Rich Moran: Why Grilled Cheese Matters

Over the course of my career in venture capital I have made investments in tech companies of all kinds. To name just a few, there have been companies in video games, cloud computing, RFID, enterprise software, outsourcing, IT consulting and more. Some worked out well, some not so much. One of my most successful investments is in a rising star right now called PopChips.

PopChips is not a semiconductor company. Rather, it is a snack food company that has used technology to pop veggies, just like pop corn. The result is a healthier and less fat riddled snack. The market positioning and launch of PopChips has been brilliant. I don’t know if PopChips has made it to Ireland yet but they will.

Besides the oven technology and the marketing the key to the success of Popchips is the focus and persistence of the two founders of PopChips. Snack food companies are not typical investments for a VC but they convinced me (and others) that this investment was worthy and they were right. They have built a company that now employs hundreds and will deliver a handsome return on the initial investment.

Now I see that venture money is behind Jonathan Kaplan, creator of the Flip video camera, and his idea to create a grilled cheese empire. The investment is creating some buzz, some snickers and lots of interest. I am not one snickering; it could be a great idea and that is the lesson for entrepreneurs in Ireland.

Entrepreneurship is not confined to those who studied computer science, biotech and engineering. Just look around, there are opportunities everywhere. In fact, the current financial situation of Ireland should create more opportunities, not less. Most great companies were founded during a down cycle, not when the economy is booming. The companies everyone is talking about today like Zynga and Twitter were all founded a few years ago when the economy in the US was down and very little was getting funded.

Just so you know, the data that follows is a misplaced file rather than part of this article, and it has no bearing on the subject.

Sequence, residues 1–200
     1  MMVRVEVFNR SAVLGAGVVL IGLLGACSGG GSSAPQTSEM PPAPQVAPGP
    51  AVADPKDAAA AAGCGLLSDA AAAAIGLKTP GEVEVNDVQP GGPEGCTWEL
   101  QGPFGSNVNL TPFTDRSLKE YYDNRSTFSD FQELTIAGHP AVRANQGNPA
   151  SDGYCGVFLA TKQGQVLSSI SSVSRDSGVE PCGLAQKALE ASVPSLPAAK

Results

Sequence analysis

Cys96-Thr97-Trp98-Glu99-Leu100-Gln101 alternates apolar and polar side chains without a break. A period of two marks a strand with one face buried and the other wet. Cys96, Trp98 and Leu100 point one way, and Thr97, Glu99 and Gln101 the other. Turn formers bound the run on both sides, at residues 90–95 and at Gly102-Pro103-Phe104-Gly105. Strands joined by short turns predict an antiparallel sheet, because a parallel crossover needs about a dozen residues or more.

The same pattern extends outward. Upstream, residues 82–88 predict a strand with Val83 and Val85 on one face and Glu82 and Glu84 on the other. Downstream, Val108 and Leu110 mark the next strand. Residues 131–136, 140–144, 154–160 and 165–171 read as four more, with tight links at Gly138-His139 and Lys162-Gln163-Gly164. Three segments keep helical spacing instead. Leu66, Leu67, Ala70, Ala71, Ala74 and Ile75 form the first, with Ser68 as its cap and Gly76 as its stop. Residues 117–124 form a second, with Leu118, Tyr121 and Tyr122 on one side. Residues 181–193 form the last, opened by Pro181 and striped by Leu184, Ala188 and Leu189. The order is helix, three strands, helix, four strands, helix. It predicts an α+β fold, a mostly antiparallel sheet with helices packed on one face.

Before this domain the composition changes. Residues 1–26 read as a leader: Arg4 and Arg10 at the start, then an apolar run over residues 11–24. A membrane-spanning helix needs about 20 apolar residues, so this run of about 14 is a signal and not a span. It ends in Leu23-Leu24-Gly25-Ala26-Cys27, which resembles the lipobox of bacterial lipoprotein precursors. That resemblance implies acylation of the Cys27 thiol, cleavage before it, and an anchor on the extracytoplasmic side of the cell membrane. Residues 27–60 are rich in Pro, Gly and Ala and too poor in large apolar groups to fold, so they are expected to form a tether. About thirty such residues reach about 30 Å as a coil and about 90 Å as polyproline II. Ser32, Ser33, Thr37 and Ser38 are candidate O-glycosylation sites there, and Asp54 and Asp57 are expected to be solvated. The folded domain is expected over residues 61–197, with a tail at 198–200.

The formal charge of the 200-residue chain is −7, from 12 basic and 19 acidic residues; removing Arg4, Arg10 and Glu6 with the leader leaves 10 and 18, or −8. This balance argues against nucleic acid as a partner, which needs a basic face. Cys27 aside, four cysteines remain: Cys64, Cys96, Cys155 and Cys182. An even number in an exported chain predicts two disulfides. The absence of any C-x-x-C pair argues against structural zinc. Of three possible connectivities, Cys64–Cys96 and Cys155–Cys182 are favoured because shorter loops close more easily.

One of the most successful entrepreneurs of the last 50 years is Howard Schultz, the founder of Starbucks. He didn’t wait for the government to do something or for the world to change. He had a big idea, some funding and real zeal. Ireland needs to capture more of the entrepreneurial DNA. It’s there, we just need to turbo charge it.

The true measure of the turnaround in the Irish economy and the creation of a true Irish economy will be the number of companies created each year…Is anyone counting?

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5 thoughts on “Rich Moran: Why Grilled Cheese Matters

  1. Hi Rich!  Your article is “spot on” and I would love to see every business lecturer take time out from their scheduled classes and set aside time to explore this topic in open forum with their students.  It would be even better if they broke the rules and deviated from the agreed teaching material and somehow integrated “entrepreneurship” into their programmes.  I also believe that tranistion year classes should take a similar initiative.  We need to encourage entrepreneurship … and whet the appetites of younger people from an early age. From my own time at UCD, I know of many ideas that were born from such debate … both formally in class and informally over coffee afterwards.  I know one very successful Irish entrepreneur who said “I’m an entrepreneur” the very first time I met him … and that was when he was in his 20s.  He’s now on his second serious venture having sold his first business for in excess of Euro50m.  Being an “entrepreneur” should be a badge worn with pride and absolute belief … but we need to encourage those who have ideas and to pair them with those who can mentor them.

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  2. Thankfully I think there is a slow recognition of the value of entrepreneurs emerging in Ireland. However what is lacking is a public campaign to get the moral support of all Ireland behind the entreprenuerial spirit. Its OK to be an entreprenuer! It should be accepted and encouraged in every house, shop, park in the country.  

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  3. One more thing here.  One of the hottest investment categories right now is education.  Yes, education.  Since Ireland has one of the best education systems in the world, how can we leverage that into a global solution and build companies around our education model?

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  4. Hi Rich, I would agree 99% with what you have said, that “Entrepreneurship is not confined to those who studied computer science, biotech and engineering.” However, when entrepreneurship becomes nothing more than making a quick buck, by selling on the idea, then one has to wonder how long this “bubble” is going to last before the tears start to flow once again. An entrepreneur is essentially a person or group of persons who establish a business – whether it is based on a new idea, or the expansion of an existing idea. Today the drive seems to be towards the sciences in developing new ideas, which in it self is excellent – but that alone is insufficient for economic stability, either personal or national. If all that “entrepreneurship” produces is a fast buck, then get out the tissues because it won’t last. There must be durability and security, both in concept and job security.

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